Buying or renting a property abroad can be a minefield if you don’t understand the legal system and housing market. Here, property experts offer practical steps to make the process easier.

If you’re thinking of buying property abroad, then you are in good company. An estimated one million British citizens already own a property overseas1 and many more are renting homes around the world. Before starting the process, it’s important to bear in mind that the legal systems and property market may differ significantly from those in the UK. Here we highlight some of the key considerations.

1. How and where can I find properties to buy or rent abroad?

If you’re trying to find a property to buy or rent abroad, there are two main options. Either track down an agent based in the country you want to move to or use a UK one that specialises in that market.

Andy Bridge, Managing Director of APlaceInTheSun.com, says: “If you want to see the whole market, then there are several multi-country property portals, such as RightmoveOverseas.com, as well as ours. Alternatively, you can search on a country-specific portal, such as Kyero.com in Spain.

“You’ll be put in contact directly with the in-country agent who will then send further details and coordinate a visit to the property.”

More information on estate agents overseas

2. How does buying property abroad differ from the UK?

Remember that the conveyancing process in most other countries is significantly different to that in the UK. That’s why it’s important to have an expert to help you. For example, much of Europe uses the notarial system. A notary is a government official who processes the property sale, negotiations and ownership transfer. This is quite different from practice in the UK, where each party has their own solicitor to handle the sale.

Peter Esders of overseas property lawyers Judicare, says: “Many places don’t have leasehold other than for commercial property. So, if you buy an apartment – normally leasehold in the UK – you’ll buy part of the freehold instead. This means you’ll own a share in the common areas of the property – much like ‘commonhold’ in the UK.”

More advice on buying property abroad

3. How do you choose a legal representative when buying property abroad?

Make sure you find someone who is independent and not acting for or recommended by the seller, developer or estate agent. They should understand the law of the country you are buying in, as well as the law of your own. Peter Esders of Judicare, says: “For example, literal translations from the local language may not reflect the actual situation and could mislead you. Your legal representative also needs to be familiar with ‘foreign’ buyers. Expectations of a British person buying a property in Spain are very different from that of a Spaniard buying in Spain, for example.”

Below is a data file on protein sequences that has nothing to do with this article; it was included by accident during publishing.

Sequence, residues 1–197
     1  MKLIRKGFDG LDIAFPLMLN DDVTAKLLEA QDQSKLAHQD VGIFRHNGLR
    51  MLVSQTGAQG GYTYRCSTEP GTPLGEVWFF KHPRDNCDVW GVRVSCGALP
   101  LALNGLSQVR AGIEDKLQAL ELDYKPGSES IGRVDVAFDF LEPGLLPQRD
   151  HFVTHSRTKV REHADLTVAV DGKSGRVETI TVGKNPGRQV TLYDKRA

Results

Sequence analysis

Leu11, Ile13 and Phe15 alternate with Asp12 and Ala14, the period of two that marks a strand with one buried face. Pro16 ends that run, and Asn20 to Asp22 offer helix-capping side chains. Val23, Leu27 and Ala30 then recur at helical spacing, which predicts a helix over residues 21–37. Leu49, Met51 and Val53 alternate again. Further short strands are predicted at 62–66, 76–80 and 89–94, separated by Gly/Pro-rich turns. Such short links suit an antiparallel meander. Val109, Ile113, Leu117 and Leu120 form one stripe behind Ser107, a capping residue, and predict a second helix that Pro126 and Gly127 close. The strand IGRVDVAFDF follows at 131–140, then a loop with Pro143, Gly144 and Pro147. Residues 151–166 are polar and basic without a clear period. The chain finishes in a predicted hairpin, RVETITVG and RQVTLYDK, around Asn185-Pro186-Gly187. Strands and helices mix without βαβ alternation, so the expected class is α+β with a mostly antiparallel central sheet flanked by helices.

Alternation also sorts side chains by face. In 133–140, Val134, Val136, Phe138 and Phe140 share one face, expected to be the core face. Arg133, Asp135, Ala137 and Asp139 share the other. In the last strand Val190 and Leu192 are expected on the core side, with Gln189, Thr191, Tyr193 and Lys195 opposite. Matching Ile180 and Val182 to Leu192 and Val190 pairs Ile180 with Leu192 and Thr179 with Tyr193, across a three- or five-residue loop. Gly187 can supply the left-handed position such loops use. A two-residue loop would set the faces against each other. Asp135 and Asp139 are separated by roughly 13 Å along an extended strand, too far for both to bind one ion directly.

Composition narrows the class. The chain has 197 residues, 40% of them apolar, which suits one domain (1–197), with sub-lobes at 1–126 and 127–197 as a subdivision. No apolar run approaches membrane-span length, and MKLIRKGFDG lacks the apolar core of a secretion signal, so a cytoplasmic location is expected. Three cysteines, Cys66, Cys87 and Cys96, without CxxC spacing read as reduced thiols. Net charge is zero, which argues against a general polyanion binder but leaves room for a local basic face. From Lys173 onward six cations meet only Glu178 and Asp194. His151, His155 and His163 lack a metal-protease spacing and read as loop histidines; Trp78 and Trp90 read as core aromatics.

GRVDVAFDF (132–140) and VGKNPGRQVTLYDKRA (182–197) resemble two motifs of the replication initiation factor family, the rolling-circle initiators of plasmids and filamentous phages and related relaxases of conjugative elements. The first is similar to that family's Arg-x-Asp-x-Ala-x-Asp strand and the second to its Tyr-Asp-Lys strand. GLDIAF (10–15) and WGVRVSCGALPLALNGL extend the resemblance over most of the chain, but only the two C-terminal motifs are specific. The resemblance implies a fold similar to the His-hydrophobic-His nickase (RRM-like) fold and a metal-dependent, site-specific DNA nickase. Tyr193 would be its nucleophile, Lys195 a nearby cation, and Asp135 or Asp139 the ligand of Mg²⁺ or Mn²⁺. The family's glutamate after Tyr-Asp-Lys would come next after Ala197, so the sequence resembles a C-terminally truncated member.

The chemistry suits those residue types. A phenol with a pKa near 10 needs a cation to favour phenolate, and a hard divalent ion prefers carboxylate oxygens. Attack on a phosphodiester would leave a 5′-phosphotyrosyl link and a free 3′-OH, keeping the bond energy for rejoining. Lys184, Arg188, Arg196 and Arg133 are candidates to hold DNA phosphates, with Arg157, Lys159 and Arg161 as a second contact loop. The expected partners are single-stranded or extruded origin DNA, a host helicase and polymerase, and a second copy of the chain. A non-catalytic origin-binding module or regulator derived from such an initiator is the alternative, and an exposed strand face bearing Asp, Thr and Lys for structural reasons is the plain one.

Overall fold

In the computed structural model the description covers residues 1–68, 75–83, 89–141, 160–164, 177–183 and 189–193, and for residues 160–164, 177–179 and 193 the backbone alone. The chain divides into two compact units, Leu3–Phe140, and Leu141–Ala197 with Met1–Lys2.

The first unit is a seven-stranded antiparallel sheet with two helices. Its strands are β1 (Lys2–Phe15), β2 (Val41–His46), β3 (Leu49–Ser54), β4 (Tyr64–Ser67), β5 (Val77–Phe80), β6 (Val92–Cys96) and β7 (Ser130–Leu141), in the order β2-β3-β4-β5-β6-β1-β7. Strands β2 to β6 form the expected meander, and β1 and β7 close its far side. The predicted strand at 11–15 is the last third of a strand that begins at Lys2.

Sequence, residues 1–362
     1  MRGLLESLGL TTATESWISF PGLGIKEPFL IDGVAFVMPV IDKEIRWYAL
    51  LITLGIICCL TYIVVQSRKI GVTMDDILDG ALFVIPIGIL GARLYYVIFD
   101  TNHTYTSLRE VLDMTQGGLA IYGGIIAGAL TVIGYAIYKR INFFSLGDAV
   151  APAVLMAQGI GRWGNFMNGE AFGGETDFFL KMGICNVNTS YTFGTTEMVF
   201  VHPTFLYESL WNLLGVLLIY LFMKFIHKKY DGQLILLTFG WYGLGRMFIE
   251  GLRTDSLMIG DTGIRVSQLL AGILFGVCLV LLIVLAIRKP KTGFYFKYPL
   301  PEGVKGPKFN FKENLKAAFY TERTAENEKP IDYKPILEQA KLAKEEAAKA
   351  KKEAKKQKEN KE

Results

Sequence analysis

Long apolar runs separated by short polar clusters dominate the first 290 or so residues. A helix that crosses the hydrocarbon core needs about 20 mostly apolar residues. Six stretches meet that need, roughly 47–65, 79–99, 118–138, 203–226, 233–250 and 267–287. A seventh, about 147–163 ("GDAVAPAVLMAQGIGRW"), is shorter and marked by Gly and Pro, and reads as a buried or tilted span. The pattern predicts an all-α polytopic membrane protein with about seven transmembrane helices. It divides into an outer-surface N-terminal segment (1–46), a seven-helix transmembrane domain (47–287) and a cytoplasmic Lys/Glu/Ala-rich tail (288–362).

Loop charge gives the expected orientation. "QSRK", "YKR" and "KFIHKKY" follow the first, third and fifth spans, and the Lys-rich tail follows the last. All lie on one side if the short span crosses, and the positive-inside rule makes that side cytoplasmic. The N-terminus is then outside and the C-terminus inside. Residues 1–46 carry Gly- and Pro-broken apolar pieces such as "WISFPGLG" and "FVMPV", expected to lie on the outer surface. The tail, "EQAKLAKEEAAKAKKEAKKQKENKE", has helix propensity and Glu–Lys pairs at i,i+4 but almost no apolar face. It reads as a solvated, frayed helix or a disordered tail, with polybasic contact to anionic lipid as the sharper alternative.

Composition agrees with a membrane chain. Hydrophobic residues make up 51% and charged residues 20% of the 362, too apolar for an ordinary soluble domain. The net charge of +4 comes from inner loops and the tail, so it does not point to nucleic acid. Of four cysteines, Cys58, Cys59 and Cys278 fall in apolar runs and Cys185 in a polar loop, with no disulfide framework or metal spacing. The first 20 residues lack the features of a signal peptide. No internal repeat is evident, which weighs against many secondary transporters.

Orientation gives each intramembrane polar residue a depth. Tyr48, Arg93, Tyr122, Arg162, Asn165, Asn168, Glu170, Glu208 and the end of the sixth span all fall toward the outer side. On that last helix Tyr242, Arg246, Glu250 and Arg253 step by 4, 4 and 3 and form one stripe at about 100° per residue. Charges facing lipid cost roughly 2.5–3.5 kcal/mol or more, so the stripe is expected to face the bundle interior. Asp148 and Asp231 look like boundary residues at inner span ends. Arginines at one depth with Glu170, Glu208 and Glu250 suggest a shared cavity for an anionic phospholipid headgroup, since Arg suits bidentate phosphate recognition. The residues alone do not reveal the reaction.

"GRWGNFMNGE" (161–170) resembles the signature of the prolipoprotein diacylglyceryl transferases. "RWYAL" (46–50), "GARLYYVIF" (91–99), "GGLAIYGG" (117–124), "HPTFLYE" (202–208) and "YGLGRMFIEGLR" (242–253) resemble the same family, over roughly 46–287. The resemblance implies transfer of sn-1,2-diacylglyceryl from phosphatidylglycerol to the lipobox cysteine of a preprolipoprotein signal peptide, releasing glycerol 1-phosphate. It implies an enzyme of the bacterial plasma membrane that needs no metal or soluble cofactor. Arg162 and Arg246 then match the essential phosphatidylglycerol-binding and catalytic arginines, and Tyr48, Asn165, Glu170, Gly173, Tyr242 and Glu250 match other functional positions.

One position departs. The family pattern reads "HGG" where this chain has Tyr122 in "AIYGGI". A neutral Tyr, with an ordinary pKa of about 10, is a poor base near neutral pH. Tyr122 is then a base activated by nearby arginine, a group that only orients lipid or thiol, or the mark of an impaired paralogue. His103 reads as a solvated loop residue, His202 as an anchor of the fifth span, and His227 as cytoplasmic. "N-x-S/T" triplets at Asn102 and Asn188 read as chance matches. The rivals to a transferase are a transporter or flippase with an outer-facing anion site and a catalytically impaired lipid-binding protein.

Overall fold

More information on legal advice

4. What are the tax implications of renting out my UK home while I’m away?

“There are several aspects to consider,” says Andrew Watters, a director of accountant Thomas Eggar LLP. “If you move abroad and rent your home out while you are away, then all or part of the available relief from Capital Gains Tax can be lost. This is because the property is no longer your main home during that period.

“A careful decision needs to be made therefore as to what to do with the property if the absence from the UK will be long term and a return to the UK is unlikely.

“Any income earned from letting a property out while you are abroad is subject to income tax in the UK and you have two options for dealing with this. The first is to get your letting agent to withhold the tax and pay it on your behalf to the HMRC. The other is register for the ‘Non-resident Landlord Scheme’, receive the rent gross, deduct certain expenses and pay tax on the balance.”

More information on taxation

5. What about renting before buying property abroad?

“Fixed-term renting doesn’t differ that much around the world; it’s the terms and conditions that are the variables,” says Wendy Perez, Department Head Residential Corporate Services at Knight Frank.

“These include the differing levels of deposit, fees, contract terms, break-clauses and references. For example, you often have to pay your rent many months ahead in Dubai. And in Hong Kong you have to prove you’ve paid to have your curtains cleaned and that your air-conditioning contract is paid-up before you can move out.

“In the UK, the landlord pays most of the agent fees, in Hong Kong they’re split between landlord and tenant, and in the US the tenant usually pays.”

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